Google Fiber is the dream for many internet users, but it seems as though Google is having a little trouble with its deployment in Nashville, Tennessee. The main issue? Telephone poles.
According to a report from the Nashville Scene, Google is looking to access the telephone poles in order to bring Fiber to the masses. While the Nashville Electric Service is the largest owner of those telephone poles, AT&T is the second-largest owner.
It could take months for Google to gain permission to use these phone poles. That’s because when Google wants to use a pole, the company that owns the pole has to notify each telecom company that it will be sending a crew to the pole — something it has to do for each and every pole through a process called Make Ready.
“The process can take months, even if contractually mandated time frames are followed. Google Fiber officials and operatives working on their behalf suggest that’s not always the case,” notes the report from the Nashville Scene.
To help speed things up, Google is pushing for a new ordinance called “One Touch Make Ready,” which would allow a company, such as Google, to make all the adjustments itself without needing to wait for other companies to give permission for each and every telephone pole, as long as Google uses contractors approved by the other companies.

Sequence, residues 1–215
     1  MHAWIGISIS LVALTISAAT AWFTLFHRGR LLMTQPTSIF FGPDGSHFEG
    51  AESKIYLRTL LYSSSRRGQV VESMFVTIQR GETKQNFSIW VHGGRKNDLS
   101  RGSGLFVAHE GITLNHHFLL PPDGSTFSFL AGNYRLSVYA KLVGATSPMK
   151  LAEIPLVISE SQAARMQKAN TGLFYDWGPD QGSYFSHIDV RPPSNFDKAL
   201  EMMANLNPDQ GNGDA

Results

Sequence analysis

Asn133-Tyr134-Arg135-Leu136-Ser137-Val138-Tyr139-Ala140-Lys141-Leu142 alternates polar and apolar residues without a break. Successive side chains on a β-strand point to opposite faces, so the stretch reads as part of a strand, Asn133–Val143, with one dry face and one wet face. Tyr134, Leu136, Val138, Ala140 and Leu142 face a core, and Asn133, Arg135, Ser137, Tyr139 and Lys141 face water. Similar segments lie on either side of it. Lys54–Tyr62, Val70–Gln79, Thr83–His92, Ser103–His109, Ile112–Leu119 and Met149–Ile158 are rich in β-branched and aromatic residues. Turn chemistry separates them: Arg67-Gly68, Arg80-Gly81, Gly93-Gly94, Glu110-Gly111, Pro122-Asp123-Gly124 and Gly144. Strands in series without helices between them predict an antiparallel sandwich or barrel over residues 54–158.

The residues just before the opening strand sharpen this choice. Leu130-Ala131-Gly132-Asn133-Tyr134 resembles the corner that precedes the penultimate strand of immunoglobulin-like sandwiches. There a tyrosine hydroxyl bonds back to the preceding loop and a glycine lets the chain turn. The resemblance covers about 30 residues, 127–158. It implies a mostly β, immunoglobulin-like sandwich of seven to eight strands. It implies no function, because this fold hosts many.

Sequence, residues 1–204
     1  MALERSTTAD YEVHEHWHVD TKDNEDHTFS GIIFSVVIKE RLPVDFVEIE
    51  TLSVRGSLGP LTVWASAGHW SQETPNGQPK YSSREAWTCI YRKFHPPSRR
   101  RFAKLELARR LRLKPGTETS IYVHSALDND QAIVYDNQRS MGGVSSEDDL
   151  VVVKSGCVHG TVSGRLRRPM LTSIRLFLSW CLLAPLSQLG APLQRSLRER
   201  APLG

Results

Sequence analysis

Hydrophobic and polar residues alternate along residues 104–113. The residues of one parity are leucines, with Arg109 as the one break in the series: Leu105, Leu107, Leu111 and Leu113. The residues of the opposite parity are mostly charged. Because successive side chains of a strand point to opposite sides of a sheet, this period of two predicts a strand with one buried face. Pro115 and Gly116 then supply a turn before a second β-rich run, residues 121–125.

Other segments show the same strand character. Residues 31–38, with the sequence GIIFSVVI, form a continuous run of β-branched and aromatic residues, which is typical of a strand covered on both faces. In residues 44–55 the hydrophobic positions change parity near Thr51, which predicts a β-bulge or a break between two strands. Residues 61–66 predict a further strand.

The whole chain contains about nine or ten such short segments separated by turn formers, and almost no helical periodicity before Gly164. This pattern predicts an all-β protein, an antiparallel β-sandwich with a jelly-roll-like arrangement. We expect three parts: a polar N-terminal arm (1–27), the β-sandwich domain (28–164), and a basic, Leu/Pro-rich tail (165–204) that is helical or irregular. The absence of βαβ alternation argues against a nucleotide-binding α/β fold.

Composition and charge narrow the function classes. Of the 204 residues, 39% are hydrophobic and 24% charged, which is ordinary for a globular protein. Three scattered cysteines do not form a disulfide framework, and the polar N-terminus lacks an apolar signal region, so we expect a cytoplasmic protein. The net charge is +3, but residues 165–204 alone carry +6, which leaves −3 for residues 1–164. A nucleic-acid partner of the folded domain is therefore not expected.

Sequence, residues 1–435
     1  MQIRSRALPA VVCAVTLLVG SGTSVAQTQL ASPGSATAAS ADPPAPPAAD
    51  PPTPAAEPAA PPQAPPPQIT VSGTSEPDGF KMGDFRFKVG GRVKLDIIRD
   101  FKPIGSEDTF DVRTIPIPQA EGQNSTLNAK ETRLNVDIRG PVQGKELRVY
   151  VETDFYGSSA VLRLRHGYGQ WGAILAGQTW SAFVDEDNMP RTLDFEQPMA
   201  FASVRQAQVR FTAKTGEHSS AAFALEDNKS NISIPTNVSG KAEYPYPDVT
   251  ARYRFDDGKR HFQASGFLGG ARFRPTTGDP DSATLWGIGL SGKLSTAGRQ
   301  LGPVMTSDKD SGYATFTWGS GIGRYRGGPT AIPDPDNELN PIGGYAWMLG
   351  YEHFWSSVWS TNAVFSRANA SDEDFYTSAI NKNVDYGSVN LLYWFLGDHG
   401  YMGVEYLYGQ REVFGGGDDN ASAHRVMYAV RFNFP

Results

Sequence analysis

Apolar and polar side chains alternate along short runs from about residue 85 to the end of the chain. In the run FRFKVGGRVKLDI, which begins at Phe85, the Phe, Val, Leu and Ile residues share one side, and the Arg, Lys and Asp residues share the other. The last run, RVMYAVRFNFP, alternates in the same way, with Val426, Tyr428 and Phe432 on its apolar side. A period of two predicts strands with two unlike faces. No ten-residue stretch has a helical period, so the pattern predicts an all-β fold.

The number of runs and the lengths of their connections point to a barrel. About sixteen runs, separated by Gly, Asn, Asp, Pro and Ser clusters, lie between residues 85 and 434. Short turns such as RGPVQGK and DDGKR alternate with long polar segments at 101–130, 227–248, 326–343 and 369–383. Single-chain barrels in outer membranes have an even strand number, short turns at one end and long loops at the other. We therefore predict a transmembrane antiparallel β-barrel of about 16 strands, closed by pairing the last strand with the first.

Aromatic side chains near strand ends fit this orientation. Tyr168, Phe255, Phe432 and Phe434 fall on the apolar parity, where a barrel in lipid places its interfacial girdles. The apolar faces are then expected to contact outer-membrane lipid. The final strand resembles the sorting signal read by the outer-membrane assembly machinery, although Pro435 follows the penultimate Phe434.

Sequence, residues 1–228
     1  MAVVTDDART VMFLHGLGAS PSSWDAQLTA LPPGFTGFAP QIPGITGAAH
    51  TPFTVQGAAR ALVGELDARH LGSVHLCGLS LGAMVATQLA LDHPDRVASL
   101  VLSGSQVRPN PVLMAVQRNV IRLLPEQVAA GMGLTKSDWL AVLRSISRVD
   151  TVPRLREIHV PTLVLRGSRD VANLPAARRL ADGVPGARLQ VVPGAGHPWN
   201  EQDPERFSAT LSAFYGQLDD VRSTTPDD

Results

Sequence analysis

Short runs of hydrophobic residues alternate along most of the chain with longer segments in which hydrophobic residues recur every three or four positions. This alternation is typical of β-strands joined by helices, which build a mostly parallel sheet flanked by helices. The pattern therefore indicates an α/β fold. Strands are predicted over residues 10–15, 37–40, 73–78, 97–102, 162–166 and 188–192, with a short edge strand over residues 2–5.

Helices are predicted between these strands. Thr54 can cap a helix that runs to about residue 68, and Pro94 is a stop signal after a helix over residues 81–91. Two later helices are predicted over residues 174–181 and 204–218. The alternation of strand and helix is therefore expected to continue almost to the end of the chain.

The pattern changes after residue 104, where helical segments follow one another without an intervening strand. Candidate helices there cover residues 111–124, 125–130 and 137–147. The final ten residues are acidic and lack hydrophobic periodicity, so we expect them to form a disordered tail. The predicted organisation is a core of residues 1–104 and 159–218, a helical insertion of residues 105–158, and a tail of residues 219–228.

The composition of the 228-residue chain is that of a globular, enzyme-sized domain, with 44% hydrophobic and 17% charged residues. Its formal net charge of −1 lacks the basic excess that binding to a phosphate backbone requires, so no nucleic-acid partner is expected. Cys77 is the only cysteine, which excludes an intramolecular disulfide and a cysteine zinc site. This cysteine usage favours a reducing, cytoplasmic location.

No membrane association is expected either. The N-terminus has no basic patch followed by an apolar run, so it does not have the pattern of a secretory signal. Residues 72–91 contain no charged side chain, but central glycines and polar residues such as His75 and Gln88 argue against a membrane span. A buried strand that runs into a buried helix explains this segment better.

A similar ordinance was actually passed in Louisville, Kentucky, but AT&T sued the government to try and stop it. AT&T will reportedly take similar action in Nashville, arguing that the move could disrupt contracts that it has with its workers union. Not only that, but Comcast suggests that the next step is a meeting with all of the companies involved to try and review the current process and see how it could be improved.
Obviously, Google would like to deploy Fiber as quickly as possible, but if the likes of AT&T and Comcast have anything to say about it, it could be a while before the citizens of Nashville have that superfast internet they’ve been waiting for.
- AT&T calls on Congress to create new net neutrality laws — but why?
- Interesed in Verizon Fios? Here’s everything you need to know
- Need a new ride? Here are the best used car sites on the web
- 5G is coming — here’s what to expect, and when to expect it on your carrier
- Why the internet dooms the sneaker industry as much as it helps it